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NEW ORLEANS (AP) – NAACP president Kweisi Mfume invoked memories of the civil rights group’s founding in 1909 as he asked its members Monday to recommit themselves to fighting for racial equality.

“We found a way to help a nation divided against itself through the confusion and turbulence of the 1960s,” Mfume said in his keynote address to the NAACP’s 92nd annual convention. “It is now a matter of having still yet a long way to go.”

Speaking to about 4,800 people at a packed convention center hall, Mfume mentioned a lengthy list of issues on which he wants to see progress.

They include making health care affordable to everyone, cleaning up the environment, reforming the electoral system, ending the AIDS epidemic, removing the Confederate flag from public places and stopping hate crimes.

Mfume said Sunday that the National Association for the Advancement of Colored People also is preparing to sue the paint industry in an effort to hold it accountable for health problems linked to lead in paint. He didn’t say which companies would be sued and made no mention of that effort in his speech.

If NAACP members feel they face a difficult task now, they should remember the obstacles the group has already overcome, Mfume said.

“Can you imagine 1909?” he asked.

About the time Mfume spoke on Monday, White House spokesman Ari Fleischer reacted sharply to NAACP board chairman Julian Bond’s attack on the Bush administration in his speech to the convention Sunday night.

Bush has “appeased the wretched appetites of the extreme right wing, and he picked Cabinet officials whose devotion to the Confederacy is nearly canine in its uncritical affection,” Bond said.

Fleischer said Bond’s remarks were “excessive.”

“The comments made by Mr. Bond are another reminder about why the tone in Washington needs to be changed,” Fleischer said.

The spokesman added that “those remarks were not made under Kweisi Mfume’s leadership, when Kweisi Mfume was president of the NAACP.”

A reporter reminded Fleischer that Mfume is still the NAACP president, but the spokesman seemed not to notice that he misspoke.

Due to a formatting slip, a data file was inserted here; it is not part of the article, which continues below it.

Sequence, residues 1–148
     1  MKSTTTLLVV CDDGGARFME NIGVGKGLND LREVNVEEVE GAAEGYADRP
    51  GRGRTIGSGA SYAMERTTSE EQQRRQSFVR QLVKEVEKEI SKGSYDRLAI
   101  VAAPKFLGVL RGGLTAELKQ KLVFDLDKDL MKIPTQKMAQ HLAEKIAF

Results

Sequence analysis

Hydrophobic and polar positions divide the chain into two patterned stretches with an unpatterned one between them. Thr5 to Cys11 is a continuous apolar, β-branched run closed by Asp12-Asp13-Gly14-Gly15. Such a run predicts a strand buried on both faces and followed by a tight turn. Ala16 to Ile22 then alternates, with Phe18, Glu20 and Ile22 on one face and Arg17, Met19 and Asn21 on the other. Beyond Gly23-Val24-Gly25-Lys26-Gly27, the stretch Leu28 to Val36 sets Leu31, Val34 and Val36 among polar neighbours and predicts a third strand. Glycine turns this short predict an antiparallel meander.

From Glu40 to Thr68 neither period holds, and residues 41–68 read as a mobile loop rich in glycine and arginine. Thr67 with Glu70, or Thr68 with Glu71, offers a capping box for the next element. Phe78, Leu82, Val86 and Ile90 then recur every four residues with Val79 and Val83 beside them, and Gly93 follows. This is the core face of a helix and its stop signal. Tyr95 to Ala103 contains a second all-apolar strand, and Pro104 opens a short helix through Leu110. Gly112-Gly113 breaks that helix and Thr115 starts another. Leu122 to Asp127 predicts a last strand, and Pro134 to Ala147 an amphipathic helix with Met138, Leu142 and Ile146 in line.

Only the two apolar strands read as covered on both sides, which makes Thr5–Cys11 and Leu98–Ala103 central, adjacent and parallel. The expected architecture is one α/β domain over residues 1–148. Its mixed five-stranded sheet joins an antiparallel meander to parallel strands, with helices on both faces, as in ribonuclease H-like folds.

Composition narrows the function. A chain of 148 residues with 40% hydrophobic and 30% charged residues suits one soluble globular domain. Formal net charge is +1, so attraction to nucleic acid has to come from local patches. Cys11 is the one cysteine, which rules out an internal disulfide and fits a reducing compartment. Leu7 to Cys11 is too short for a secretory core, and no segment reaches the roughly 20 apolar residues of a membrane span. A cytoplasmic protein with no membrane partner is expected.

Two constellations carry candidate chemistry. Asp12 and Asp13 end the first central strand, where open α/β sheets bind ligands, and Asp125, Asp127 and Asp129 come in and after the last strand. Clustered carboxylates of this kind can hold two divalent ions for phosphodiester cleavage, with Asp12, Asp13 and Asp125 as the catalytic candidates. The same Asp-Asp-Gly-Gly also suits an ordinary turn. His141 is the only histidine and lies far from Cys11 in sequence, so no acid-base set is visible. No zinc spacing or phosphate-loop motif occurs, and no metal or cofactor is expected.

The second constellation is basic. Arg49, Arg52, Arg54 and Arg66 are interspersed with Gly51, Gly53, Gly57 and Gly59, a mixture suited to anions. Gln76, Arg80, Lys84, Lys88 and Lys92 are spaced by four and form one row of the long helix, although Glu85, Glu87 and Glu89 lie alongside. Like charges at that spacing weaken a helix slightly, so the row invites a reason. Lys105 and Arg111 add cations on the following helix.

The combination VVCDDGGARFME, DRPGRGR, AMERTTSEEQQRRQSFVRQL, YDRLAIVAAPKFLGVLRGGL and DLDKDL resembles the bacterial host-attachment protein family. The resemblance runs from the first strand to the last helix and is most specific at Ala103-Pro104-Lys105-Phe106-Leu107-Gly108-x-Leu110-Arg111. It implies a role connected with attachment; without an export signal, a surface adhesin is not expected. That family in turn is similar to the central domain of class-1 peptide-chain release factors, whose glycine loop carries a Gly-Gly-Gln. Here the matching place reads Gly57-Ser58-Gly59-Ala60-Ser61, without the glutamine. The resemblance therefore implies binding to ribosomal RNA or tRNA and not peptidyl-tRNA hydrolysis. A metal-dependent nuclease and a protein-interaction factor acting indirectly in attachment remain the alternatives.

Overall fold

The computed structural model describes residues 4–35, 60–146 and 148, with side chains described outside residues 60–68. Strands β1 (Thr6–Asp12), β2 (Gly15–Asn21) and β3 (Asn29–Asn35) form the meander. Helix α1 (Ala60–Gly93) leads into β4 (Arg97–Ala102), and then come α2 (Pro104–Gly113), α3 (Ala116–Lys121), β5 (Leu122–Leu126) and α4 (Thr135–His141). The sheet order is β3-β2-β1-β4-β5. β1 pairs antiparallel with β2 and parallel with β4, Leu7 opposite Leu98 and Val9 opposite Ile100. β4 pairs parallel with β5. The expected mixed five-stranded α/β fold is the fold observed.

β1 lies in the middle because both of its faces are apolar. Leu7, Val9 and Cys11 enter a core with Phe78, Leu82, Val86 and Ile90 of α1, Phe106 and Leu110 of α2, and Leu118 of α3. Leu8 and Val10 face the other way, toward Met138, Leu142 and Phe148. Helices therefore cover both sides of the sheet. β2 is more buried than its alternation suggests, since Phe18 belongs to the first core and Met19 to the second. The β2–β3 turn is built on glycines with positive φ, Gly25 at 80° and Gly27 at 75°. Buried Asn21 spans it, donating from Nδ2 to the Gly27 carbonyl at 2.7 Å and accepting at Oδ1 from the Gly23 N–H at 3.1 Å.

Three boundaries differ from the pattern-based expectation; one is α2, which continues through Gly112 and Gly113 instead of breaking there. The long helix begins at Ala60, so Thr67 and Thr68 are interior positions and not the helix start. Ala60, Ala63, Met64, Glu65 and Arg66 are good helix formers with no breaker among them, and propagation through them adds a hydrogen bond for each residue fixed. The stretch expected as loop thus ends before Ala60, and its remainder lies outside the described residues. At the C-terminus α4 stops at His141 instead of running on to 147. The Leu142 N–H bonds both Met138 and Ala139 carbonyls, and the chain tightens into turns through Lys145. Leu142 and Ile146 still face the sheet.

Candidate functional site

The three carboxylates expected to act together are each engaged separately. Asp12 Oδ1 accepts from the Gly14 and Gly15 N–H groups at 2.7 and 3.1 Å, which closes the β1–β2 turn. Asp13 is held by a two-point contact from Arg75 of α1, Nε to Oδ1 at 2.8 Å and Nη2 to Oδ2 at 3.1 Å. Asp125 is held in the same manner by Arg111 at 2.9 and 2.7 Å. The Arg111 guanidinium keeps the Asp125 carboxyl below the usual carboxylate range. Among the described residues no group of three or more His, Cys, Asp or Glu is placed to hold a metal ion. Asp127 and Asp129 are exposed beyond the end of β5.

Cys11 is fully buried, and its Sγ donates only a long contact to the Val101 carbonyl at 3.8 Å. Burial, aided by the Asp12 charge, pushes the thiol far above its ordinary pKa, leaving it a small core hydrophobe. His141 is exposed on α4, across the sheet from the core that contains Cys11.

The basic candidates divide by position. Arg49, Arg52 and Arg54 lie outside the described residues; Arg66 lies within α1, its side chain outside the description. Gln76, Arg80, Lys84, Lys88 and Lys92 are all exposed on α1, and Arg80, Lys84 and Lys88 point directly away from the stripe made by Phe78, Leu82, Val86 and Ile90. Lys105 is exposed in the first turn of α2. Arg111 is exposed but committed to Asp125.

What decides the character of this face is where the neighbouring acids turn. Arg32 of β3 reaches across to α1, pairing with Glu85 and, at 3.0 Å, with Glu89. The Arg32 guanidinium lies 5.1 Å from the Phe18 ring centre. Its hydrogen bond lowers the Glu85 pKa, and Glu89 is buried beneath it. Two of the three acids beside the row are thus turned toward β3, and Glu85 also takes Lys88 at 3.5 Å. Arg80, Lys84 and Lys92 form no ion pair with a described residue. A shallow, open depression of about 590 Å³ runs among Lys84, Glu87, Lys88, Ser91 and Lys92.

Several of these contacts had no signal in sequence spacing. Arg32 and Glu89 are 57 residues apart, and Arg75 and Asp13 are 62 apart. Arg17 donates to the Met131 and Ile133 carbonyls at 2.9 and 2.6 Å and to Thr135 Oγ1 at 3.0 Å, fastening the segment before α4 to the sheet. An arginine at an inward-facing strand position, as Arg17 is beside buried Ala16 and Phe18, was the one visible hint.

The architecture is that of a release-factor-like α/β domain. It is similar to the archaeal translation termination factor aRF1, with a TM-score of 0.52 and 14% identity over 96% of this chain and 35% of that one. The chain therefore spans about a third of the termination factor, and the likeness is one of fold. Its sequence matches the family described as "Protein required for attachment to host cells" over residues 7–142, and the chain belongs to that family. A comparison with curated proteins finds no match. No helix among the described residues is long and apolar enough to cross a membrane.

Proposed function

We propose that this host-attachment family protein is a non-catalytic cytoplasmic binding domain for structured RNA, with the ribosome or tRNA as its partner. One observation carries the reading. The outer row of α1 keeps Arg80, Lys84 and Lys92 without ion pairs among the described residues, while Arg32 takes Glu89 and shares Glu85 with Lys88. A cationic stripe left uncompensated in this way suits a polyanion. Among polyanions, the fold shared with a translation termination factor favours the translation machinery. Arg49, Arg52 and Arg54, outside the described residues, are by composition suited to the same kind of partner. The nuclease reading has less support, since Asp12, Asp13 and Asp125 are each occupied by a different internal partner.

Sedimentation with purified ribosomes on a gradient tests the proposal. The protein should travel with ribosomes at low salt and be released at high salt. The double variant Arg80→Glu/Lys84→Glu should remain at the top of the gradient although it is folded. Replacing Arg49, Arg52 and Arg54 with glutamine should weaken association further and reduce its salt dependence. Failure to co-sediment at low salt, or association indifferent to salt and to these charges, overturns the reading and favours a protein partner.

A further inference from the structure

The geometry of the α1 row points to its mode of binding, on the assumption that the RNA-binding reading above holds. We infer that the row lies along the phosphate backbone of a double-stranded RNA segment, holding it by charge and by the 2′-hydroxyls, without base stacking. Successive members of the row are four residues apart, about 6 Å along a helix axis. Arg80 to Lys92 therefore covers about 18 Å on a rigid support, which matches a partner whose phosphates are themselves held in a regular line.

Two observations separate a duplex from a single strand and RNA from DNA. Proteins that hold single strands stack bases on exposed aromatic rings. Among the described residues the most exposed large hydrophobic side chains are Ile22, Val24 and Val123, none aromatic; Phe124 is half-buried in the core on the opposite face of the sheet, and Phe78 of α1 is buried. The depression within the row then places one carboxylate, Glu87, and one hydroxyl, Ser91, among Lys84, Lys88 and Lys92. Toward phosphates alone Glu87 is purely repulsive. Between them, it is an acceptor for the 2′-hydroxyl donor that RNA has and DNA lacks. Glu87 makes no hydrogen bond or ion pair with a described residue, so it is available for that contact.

Bond assailed the civil rights records of Interior Secretary Gale Norton, a former Colorado attorney general, and Attorney General John Ashcroft.

The administration’s tax cut and its faith-based initiative, which would allow government funds to flow to churches, mosques and synagogues that seek to ease social woes, were also targets of criticism.

Bush has asserted that church-based groups receiving government funds should be able to refuse employment to people outside their religion. Critics, including Bond, contend this could amount to government-funded discrimination.

Bond also said the Bush administration’s tax cut “placed funding for important programs in a lockbox, raiding the treasury for a decade, closing the door on government aid for children, for schools, for the poor.”

“This is government of the rich, by the rich and for the rich.”

Neither Bond nor Mfume has met with Bush since he took office in January. However, Bush addressed the convention through a videotaped greeting on Monday.

“We must continue our work to make sure that my party keeps faith with the memory of Abraham Lincoln and Fredrick Douglass,” Bush said.

Bush also said he had selected a diverse and well-qualified group of advisers including Secretary of State Colin Powell, Education Secretary Rod Paige, National Security Adviser Condoleezza Rice and Deputy Attorney General Larry Thompson.

The president also promised to improve the nation’s public schools and to work to end racial profiling.

“I welcome the president’s words, but I will welcome more his actions,” Mfume said.


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